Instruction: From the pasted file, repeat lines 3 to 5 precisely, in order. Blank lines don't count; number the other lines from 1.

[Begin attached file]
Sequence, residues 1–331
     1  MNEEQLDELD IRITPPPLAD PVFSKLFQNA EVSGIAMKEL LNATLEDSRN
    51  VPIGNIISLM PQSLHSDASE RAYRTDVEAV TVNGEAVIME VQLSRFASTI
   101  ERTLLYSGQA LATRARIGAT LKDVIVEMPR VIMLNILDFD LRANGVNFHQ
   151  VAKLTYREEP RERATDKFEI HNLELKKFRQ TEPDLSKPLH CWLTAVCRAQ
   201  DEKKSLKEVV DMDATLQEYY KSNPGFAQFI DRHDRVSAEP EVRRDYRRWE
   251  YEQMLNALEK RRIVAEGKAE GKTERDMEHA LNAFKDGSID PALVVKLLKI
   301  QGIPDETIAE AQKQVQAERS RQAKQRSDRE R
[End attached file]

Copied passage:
    51  VPIGNIISLM PQSLHSDASE RAYRTDVEAV TVNGEAVIME VQLSRFASTI
   101  ERTLLYSGQA LATRARIGAT LKDVIVEMPR VIMLNILDFD LRANGVNFHQ
   151  VAKLTYREEP RERATDKFEI HNLELKKFRQ TEPDLSKPLH CWLTAVCRAQ